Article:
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Tuesday, July 12, 2016

Could a Multivitamin Be Counterproductive?

By: Andrew Jagim

A lot athletes or active individuals usually supplement with a multivitamin to help provide some anti-oxidant support, in addition to several other health benefits of course. However, if we look at the concept of oxidative stress and why people recommend an anti-oxidant rich diet versus what drives several physiological adaptations, it just gets more and more confusing.

For example, some of that oxidative stress from reactive oxygen species (ROS) production make actually be a good thing and therefore interrupting this mechanism could be counterproductive.

During strenuous exercise, the production of free radicals (aka ROS) is increased. These free radicals, collectively referred to as oxidative stress can lead to cell apoptosis (death) if levels are chronically elevated. By consuming foods or vitamins that specifically contain a high degree of anti-oxidants, or substances that help reduce oxidative stress, it's thought that we can reduce the potential damaging effects of strenuous exercise.  With that being said, these free radicals may also serve as a necessary evil when it comes to triggering adaptive responses within the muscle. The reason why we train is to expose our bodies and specific physiological systems to a certain stressor, with continuous exposure we combat these stresses by adapting (i.e. increase energy production, improve blood flow, increase muscle size, strength, etc.).  If we remove or attenuate some of the acute stressors, we may also be minimizing the acute physiological stimulus needed to elicit said adaptations over time. 

There are several publications that suggest not only to high-dose multivitamins NOT improve performance, they may actually hinder certain training adaptations (1).  Initially, a lot of the research suggested that certain antioxidants (i.e. Vitamin C, E and CO-Q10) may hinder endurance performance in aerobically trained athletes when consumed at relatively high doses for several weeks. Recent evidence suggests that this maladaptation may actually occur with resistance training outcomes as well with evidence supporting the idea that antioxidants blunt a lot of the cell-signaling required to elicit muscle growth. Below is a direct quote from such a publication:



A significant number of both healthy and sick individuals are taking antioxidant supplements in the belief that these will improve their health and prevent or ameliorate diseases (1). Moreover, a large proportion of athletes, including elite athletes, take vitamin supplements, often large doses, seeking beneficial effects on performance (16). The complete lack of any positive effect of antioxidant supplementation on physiological and biochemical outcomes consistently found in human and animal studies raises questions about the validity of using oral antioxidant supplementation in both health and disease. The vast majority of experimental evidence clearly advises against this supplementation. Thus, we unreservedly confirm the conclusions derived from our previous research (4, 14) and disagree with Higashida et al. In our opinion, antioxidant supplements are, at the least, useless."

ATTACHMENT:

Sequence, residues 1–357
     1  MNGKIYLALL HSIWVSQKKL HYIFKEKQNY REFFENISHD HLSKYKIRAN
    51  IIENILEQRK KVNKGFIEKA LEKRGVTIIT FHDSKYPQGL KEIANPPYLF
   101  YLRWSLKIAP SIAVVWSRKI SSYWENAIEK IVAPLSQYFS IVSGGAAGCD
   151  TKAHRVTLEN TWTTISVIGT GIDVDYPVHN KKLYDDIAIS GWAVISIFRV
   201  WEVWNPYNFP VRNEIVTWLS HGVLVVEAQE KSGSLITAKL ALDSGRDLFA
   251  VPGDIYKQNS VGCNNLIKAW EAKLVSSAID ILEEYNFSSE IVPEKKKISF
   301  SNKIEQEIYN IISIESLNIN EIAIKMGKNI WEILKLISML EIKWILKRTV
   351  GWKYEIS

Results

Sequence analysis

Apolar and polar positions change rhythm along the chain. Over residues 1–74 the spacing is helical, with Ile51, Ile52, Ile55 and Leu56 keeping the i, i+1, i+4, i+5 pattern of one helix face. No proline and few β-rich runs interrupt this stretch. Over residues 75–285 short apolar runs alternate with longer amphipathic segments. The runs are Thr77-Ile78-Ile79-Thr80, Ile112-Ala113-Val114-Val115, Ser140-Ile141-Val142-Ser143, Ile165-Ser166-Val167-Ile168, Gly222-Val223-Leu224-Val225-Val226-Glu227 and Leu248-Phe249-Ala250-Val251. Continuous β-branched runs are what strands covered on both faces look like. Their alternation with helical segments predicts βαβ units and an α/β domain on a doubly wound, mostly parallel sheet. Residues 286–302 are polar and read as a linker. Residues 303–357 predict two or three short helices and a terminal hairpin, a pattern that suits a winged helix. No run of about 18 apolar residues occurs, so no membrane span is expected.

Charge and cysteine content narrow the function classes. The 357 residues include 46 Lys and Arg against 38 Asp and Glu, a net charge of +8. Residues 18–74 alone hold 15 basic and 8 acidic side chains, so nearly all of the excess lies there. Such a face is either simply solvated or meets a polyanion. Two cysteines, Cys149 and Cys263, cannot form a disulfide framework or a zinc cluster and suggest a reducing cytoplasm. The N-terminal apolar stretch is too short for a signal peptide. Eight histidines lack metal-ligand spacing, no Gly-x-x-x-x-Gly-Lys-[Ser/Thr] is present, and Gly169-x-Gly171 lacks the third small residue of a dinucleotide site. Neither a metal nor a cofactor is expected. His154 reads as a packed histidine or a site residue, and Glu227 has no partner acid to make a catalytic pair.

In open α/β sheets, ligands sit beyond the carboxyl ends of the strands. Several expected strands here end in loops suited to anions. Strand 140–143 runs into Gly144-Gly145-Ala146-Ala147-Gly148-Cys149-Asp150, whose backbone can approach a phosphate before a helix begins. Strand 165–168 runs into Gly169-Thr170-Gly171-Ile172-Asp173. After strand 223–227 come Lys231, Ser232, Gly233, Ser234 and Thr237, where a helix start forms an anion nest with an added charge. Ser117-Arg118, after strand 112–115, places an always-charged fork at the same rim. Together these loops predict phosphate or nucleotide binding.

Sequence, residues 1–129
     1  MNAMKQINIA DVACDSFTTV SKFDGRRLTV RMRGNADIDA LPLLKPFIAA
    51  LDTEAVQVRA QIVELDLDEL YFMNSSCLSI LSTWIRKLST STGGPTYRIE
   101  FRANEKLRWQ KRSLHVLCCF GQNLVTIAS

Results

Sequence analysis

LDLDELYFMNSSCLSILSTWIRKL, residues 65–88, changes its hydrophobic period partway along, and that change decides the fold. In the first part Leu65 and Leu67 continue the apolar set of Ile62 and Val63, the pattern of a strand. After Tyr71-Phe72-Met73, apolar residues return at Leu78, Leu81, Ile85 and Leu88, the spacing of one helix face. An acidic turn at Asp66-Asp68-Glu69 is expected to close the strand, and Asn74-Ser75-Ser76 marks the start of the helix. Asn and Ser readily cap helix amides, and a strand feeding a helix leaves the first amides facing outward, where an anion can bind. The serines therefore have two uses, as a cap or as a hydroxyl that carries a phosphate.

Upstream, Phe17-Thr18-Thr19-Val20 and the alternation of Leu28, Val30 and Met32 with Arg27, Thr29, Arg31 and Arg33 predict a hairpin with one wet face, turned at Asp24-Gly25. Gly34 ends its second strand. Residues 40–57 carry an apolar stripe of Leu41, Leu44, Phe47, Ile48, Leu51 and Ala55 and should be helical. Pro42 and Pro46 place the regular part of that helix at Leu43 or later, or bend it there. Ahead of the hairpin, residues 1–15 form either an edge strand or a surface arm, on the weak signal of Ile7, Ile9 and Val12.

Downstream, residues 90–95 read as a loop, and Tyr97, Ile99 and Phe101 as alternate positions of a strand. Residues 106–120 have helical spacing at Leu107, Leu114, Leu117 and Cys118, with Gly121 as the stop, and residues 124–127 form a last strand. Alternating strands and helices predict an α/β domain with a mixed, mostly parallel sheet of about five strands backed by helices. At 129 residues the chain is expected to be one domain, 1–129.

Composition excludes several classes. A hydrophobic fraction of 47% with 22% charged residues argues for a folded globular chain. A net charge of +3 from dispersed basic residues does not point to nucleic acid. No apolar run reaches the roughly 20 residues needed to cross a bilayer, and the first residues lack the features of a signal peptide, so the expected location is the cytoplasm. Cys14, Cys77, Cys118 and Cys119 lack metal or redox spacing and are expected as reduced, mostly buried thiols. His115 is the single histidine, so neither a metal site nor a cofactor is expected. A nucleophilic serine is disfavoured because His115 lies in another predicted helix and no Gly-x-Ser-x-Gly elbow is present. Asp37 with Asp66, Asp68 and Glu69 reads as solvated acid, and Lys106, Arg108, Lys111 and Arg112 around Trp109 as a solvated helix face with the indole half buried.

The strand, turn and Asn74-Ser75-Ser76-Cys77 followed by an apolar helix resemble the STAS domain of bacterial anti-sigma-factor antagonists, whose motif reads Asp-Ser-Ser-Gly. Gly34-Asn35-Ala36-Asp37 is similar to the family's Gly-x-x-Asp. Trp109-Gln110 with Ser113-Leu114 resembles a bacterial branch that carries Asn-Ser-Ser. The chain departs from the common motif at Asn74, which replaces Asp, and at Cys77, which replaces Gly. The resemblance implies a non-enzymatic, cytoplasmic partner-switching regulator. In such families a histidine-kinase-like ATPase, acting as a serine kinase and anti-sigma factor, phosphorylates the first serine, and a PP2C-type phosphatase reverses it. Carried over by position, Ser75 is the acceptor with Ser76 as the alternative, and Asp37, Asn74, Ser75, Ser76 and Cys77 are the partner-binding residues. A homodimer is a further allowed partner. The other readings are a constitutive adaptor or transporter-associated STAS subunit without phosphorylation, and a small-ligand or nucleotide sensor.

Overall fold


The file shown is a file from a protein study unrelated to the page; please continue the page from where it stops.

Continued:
Now, keep in mind this is only one publication but you may be asking yourself: "Wait a minute, I thought you guys believe in vitamin supplementation and often recommend people to take vitamins?!" The answer to your question would be yes, we do believe that vitamins and antioxidants are important for long-term health. My opinion on the matter is that if you are not adequately consuming enough vitamins and anti-oxidants in your diet than supplementing with a multivitamin is probably a good idea. Is more better? Will it make you bigger, faster stronger? Probably not. How much is too much? Unfortunately we don't really have the answer as it is likely different for everyone based upon, body size, age activity level etc. More research is definitely needed in this area. For the time being, there are certain blood tests that can be done to assess your levels for certain vitamins and minerals from which you could then conclude whether or not you are deficient in certain areas.

References:
1. Gomez-Cabrera, M. C., Ristow, M., & ViƱa, J. (2012). Antioxidant supplements in exercise: worse than useless?. American Journal of Physiology-Endocrinology and Metabolism, 302(4), E476-E477.

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